Some of the residents have argued that the vaccination is hazardous and that it was developed to diminish the African population. However, this claim has been debunked as false because the vaccine is not only being used in Africa. Several countries from different parts of the world are taking the vaccine. In the United States, over 320 million doses were given to citizens with about half of its population fully vaccinated.
Some believed the vaccine had a nano-chip that could be inserted into people’s bodies to track them and infringe on their privacy. But there is no evidence to back up the claim. Available information has shown that only vaccine syringes could contain microchip to differentiate it from fake vaccines but no one will be injected with the chip.
The proliferation of incorrect and misleading information on social media helped significantly to the instillation of terror in the hearts of the locals.
The majority of the false materials disseminated to Kano residents were not originally written in Hausa – the most common local dialect in the state. A large number of them were copied from English-speaking forums and blogs and translated into Hausa by persons who knew the language and could communicate the message to local audiences.
Those messages reverberate in echo-chambers among the WhatsApp and Facebook groups, Twitter followings and YouTube accounts, mostly in Hausa languages.
Attempts to use Open Source Intelligence Tools (OSINT) like Hoaxy to map a link between false messages spread by social media influencers and how they were received were unsuccessful due to the suspension of Twitter in Nigeria.
However, the messages of politicians, particularly those from Kogi State, who propagated misinformation that was widely circulated and had a catastrophic impact on Kano residents, were mostly in English.
Yahya Bello, the Governor of Kogi State, and Dino Melaye, a former Nigerian legislator from the state, were among those whose misleading and inaccurate utterances drew widespread notice and translations.
Dino Melaye who is a leading anti-vaccine social media user whose anti-vaccine messages have spread across Nigeria, has been tweeting about immunization against the new coronavirus since late 2020, most of which are false.
Over a dozen tweets containing misleading information about vaccination were tracked to Melaye using Tweetdeck “tweet content” tool and a keyword search of “COVID-19” and “vaccine.”
According to Dubawa, one of Nigeria’s leading fact-checking platforms, Melaye’s conjectural tweets on vaccination have real-life consequences, particularly after local online newspapers re-distributed the messages.
Photo: screenshot from the translated anti-vaccine message from Dino Melaye.
Several Hausa Facebook users claimed that Dino Melaye’s anti-vaccine statements affected their decision to reject the vaccination. The former legislator, who has also lived in Kano State, has a mastery of Hausa language.
Photo: A facebook user endorsing Dino Melaye’s anti-vaccine misinformation
Melaye’s comments had authority to many, even at the time the virus was discovered, because he had over two million Twitter followers and over 700,000 Facebook likes.
Melaye also released a song called “Say No to COVID-19 Vaccine,” which lasted about one minute and fifty seconds. He began by urging Africans, particularly Nigerians, to refuse to accept any vaccine.
“I am calling on African leaders not to allow Africans to be used as guinea pigs by developed nations for their satanic reasons,” he had said.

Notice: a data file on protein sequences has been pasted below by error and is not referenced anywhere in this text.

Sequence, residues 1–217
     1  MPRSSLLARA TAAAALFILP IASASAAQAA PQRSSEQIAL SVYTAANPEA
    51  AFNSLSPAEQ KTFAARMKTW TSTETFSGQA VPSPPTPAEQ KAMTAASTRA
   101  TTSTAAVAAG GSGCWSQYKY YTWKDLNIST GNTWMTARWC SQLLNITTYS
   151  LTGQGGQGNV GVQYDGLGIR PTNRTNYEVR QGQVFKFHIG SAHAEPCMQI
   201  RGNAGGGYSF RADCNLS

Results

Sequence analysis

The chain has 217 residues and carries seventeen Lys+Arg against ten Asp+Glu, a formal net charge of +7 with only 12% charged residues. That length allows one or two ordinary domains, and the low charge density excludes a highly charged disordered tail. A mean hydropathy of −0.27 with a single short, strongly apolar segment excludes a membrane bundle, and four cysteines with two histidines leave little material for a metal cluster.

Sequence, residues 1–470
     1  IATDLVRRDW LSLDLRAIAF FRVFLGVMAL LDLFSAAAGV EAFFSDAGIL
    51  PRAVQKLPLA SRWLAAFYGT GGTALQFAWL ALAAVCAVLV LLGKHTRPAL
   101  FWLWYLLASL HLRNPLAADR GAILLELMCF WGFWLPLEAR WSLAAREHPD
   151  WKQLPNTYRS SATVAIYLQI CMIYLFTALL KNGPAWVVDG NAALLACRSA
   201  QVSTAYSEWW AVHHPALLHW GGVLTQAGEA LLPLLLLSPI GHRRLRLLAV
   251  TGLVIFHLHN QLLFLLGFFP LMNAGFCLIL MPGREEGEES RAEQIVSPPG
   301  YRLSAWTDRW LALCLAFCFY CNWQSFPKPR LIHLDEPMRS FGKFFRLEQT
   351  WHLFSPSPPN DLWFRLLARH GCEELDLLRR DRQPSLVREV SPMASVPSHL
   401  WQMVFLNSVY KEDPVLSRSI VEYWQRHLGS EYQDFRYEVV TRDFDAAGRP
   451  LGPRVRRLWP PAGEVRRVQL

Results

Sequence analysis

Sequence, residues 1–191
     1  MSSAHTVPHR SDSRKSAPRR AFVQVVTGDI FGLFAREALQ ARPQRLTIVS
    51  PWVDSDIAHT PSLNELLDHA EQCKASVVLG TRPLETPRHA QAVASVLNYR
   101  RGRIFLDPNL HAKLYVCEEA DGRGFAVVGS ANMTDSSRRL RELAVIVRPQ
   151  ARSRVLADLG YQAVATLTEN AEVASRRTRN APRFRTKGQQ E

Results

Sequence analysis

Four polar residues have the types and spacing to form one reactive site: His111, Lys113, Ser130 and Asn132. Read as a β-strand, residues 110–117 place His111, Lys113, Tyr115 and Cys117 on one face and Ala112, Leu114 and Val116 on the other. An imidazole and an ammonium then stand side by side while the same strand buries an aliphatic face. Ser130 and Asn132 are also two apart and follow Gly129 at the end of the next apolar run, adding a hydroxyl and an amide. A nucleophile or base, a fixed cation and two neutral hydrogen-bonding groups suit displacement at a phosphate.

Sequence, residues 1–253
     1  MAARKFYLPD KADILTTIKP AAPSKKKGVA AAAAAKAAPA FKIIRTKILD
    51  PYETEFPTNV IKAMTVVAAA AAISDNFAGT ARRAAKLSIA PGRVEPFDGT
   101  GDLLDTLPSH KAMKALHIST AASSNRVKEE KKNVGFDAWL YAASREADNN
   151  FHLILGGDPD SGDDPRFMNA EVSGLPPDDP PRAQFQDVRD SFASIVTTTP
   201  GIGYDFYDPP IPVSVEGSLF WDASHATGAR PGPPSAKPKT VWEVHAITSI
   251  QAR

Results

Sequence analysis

“We say no to the application of any vaccine in Africa. We call on the Minister of Health of the Federal Republic of Nigeria to immediately discontinue the interaction with those who want to give us vaccines.”
However, Melaye’s statements are false and incorrect. Africans are not being used as testing objects for the vaccine. As pointed above, billions of people worldwide are receiving the vaccine.
One of the misinformation peddlers that promoted vaccination rejection among Hausa speakers is a security operator with the Facebook name Datti Assalafiy. He claimed, without providing any evidence, that the vaccine was targeted at Muslims by the Jews in order to wipe them off the face of the earth.
Assalafiy’s claim is untrue as the virus infection does not differentiate people according to their religious or ethnic background. Several cases were reported in places like Tel Aviv, Mecca and Rome where the virus led to the death of many non-Muslims in Italy.
With over 200,000 Facebook followers and multiple pages reposting his messages, his vaccine misinformation spread swiftly and was extensively shared on WhatsApp.
Photo: A screenshot of Datti Assalafiy’s anti-vaccine misinformation
Using “Who Posted What ”, several postings were traceable to Assalafiy doubting the sincerity of COVID-19 vaccine producers and governments attempting to make them available.
He, without providing any evidence, associated the COVID-19 vaccination on the New World Order, which he claims is attempting to control the world’s population. He requested that people avoid obtaining the vaccine.
Religious clerics were also not left out. Speaking to thousands of his followers, an Islamic cleric was also seen in a YouTube video saying, without backing his statement with sound evidence, that the COVID-19 vaccination is a population reduction mechanism.
Instead of providing evidence to back up his claim, the cleric went on to give explanation of the Malthusian theory of population detailing how population growth outpaces food production and the economists suggestion of population control.
Photo: Cleric spreading Covid-19 vaccine misinformation received thousands of views on YouTube.
Sheikh Bello Yabo was another influential cleric whose message was received widely among Hausa speakers. During a religious lecture session, Yabo repeated that COVID-19 vaccination is an annihilation plot by the Jews targeting Muslims – a false claim that reverberated among some people in northern Nigeria.
“I don’t even believe the virus exists,” he said. “I will not take the vaccine.”